Playing an android might seem like the least rewarding role in the Star Trek universe. But Brent Spiner loves it. Of course, his Lieutenant Commander Data gets all the best lines. Not a bad trade-off for working under layers of makeup all day. When he's not covered in pancake, Spiner can be found in plays, TV shows and films. For another side of Spiner, try his album Ol' Yellow Eyes Is Back, featuring backing vocals by the Sunspots (Patrick Stewart, Jonathan Frakes, LeVar Burton and Michael Dorn).
In Insurrection, Data boldly goes where no android has gone before--underwater.
I always tend to go where no android's gone before, because there aren't that many of us. What you don't know when you're watching the film is that the water was 40 degrees. It was all melted snow up at Mammoth in the beginning of June, and it was freezing. It would've been fun if I'd come out of the water looking like Leonardo DiCaprio at the end of Titanic, with icicles hanging from my eyes--because that's what I felt like.
What brings you back for these big-screen Treks?
We come back for a multitude of reasons, one of which happens to be that they pay us handsomely. I don't mean to sound cynical, but as an actor it's an incredible luxury to be able to pay your mortgage every month. I also think we enjoy being together as cast. It's like summer camp to be able to spend three months out of a year having fun with my friends.
I understand you handle Trek technobabble better than anybody. What's the secret?
It's like learning a phone book. I mean, it's absolute gibberish. I have this wonderful thing I developed in the very first season of being able to erase it as soon as I've said it and they've said print. So, I really haven't hung on to a single word of it.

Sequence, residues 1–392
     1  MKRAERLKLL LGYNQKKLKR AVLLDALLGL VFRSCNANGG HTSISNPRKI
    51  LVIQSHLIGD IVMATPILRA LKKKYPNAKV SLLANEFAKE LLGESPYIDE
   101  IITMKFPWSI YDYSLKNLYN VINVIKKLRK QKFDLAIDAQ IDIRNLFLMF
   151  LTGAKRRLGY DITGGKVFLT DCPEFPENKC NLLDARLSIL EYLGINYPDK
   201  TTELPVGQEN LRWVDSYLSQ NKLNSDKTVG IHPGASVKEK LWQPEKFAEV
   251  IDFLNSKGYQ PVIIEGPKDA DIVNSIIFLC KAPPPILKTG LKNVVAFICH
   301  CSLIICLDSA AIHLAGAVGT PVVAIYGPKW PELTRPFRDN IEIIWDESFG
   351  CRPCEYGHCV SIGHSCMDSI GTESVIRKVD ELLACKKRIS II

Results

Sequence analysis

Can you remember your first time in the costume and makeup?
Yes, because I never wanted to put it on. From the very beginning, I said to Gene Roddenberry, "Is it really necessary? I think I could play this character without any makeup." And he said, "No, I want to see makeup. And I want to see you be a different color." I said, "If the guy who invented Data was smart enough to invent a creature who could walk and talk and move and think and learn, why couldn't he get the skin right?" Gene's response was, "What makes you think what Data has isn't better than skin?"
What's your experience with Trekkers?
One thing I can say is they're never really that weird. That's the major misconception about our fans, mainly because of the one episode of Saturday Night Live that portrayed them as off the wall. I think the public has sort of embraced that as reality, when the truth of the matter is that a small percentage of Trekkers are peculiar. I would say it's probably the same percentage for X-Files or Tom Cruise fans.